Hooo-Hooo Volume 11 Nr 1 - Page 14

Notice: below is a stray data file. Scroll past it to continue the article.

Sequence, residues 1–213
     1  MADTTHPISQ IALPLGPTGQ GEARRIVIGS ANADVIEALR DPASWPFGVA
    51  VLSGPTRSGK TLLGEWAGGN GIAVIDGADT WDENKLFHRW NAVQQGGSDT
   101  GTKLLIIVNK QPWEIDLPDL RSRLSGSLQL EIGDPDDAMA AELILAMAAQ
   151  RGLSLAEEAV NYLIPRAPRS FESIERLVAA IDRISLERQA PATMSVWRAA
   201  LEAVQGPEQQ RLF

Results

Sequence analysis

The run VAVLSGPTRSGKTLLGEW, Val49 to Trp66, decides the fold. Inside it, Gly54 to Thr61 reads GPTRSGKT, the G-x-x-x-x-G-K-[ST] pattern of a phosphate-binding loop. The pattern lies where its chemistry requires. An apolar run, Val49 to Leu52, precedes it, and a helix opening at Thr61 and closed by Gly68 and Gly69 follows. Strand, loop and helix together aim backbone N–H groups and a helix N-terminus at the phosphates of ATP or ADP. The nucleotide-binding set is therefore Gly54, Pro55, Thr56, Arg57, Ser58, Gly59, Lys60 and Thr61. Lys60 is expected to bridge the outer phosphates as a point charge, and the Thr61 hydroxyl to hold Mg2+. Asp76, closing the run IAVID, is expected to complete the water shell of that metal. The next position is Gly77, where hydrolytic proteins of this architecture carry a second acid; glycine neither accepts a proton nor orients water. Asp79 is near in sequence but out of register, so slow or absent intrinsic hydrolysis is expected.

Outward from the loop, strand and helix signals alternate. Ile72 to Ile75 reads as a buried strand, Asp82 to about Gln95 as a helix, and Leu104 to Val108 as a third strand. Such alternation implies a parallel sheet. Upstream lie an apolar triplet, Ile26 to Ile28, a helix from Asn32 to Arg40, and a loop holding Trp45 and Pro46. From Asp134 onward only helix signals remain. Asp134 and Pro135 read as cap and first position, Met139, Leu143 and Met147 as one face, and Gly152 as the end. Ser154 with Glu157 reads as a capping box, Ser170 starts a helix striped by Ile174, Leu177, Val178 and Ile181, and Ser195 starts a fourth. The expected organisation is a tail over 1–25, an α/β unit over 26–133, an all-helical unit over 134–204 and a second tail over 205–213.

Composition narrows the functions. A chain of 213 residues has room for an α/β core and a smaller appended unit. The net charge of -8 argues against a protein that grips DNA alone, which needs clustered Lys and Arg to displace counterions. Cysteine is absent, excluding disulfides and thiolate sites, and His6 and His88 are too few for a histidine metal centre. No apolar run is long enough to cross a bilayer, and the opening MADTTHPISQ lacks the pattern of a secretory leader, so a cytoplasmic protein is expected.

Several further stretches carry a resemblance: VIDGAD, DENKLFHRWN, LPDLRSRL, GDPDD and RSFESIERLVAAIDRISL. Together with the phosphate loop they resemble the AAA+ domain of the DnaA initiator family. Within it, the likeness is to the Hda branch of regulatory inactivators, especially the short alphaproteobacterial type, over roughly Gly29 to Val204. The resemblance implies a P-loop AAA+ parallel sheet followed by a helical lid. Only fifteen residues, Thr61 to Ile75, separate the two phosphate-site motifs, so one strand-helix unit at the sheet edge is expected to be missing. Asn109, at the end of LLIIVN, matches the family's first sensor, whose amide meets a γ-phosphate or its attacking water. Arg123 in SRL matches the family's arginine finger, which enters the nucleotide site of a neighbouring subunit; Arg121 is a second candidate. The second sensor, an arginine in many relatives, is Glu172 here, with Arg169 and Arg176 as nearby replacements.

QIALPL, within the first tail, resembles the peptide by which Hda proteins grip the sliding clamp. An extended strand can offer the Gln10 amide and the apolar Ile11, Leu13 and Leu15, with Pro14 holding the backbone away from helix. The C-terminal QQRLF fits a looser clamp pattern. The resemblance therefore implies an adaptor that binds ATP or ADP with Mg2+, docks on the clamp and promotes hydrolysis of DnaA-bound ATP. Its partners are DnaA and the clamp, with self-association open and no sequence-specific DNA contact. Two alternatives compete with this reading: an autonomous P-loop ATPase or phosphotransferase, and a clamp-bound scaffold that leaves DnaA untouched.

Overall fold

WildLife Group of the SAVA PCR, and/or histopathology. Arboviral diseases – These are caused by a diverse group of vector-borne viruses (usually mosquitoes and midges). Viruses that have been reported in viruses include Shuni virus (Orthobunyavirus), Sindbis and Middelburg viruses (Alphaviruses), and West Nile virus (Flavivirus). Shuni, Sindbis and Middelburg viruses have been identified in rhinos with neurological signs; weakness, progressive paralysis and death within 24 hours of recumbency. West Nile virus (WNV) infection has been suspected in zoo rhinos, causing nonspecific signs such as lethargy. Rhinos in endemic areas commonly develop antibody titres (up to 1:640). Antibodies to other arboviruses have been found in rhinos, but not associated with disease; Wesselbron, African Horse Sickness, Bluetongue and Rift Valley Fever (high seroprevalence in some areas). Diagnosis is usually by serological tests (ELISA, plaque reduction neutralization test, etc.). Other available tests include PCR and immunohistochemistry for some viruses. Management requires good vector control and consideration of vaccination in captive rhino (for example WNV). FUNGAL DISEASE Aspergillosis – Fungal pneumonia caused by Aspergillus sp. has been identified primarily in captive black rhinos. These cases were usually associated with immunosuppressive diseases or therapy (e.g., steroid administration). All rhinos had concurrent disease such as anaemia, mucocutaneous ulcers or TB. Diagnosis is based on Aspergillosis serology, fungal culture, and/or histopathology. Treatment (e.g., itraconazole) is usually unsuccessful. PROTOZOAL AND PARASITIC DISEASES Tick-borne protozoal diseases – Babesia bicornis (piroplasm) has been reported to cause mortalities in black rhinos in Tanzania and RSA; the organism has also been found in healthy animals. Disease may be precipitated by stress. Theileria bicornis (piroplasm) has also been found in black and white rhinos in Kenya and RSA, but has not been associated with disease. Cowdria ruminantium (rickettsia) may infect black and 14 white rhinos, based on the presence of antibodies to heartwater found in animals in Zimbabwe. Neosposis (N. caninum) – N. caninum is a coccidian parasite of domestic dogs found worldwide. Transmission is faecal-oral or transplacental. Abortion, acute death (myocarditis) have been seen in white rhinos, and may also cause neurological signs. Diagnosis is based on serological tests (ELISA, IFAT, agglutination), immunohistochemistry, or PCR. Trypanosomosis (T. vivax, T. congolense, T. simiae, T. godfreyi, T. evansi) – Mortalities due to trypanosomosis have been associated with translocation of black and white rhinos from fly-free to tsetse areas. Animals exhibit loss of condition, weakness, and death associated with anaemia, leukopenia, thrombocytopenia, and hypoproteinaemia. There has been a fatal outbreak of T. evansi in Sumatran rhinos in a Malaysian sanctuary. Acquired immunity results in asymptomatic infection until an individual is subjected to stress. Diagnosis is based on blood smear, PCR, IHC, and ELISA. Management requires tsetse control and possibly strategic use of trypanocides (diminazene aceturate). Filarial skin disease – Stephanofilaria dinniki is a subcutaneous parasite of black rhinos that usually results in self-limiting skin disease. Clinical manifestation may be associated with environmental conditions and stress. There has been an outbreak of skin lesions in black and white rhinos in Meru Nationa Park. Although the parasites were not identified, lesions responded to treatment with ivermectin, amoxicillin and debridement. TOXIC, METABOLIC/NUTRITIONAL, NON- INFECTIOUS AND IDIOPATHIC DISEASES Cyanobacteria intoxication – Blue-green algae (Microcystis spp., others) release biotoxins that are hepato- and neurotoxic. Ingestion while drinking results in death of rhinos and other species due to liver and respiratory failure. On necropsy, the liver is enlarged and friable, with widespread areas of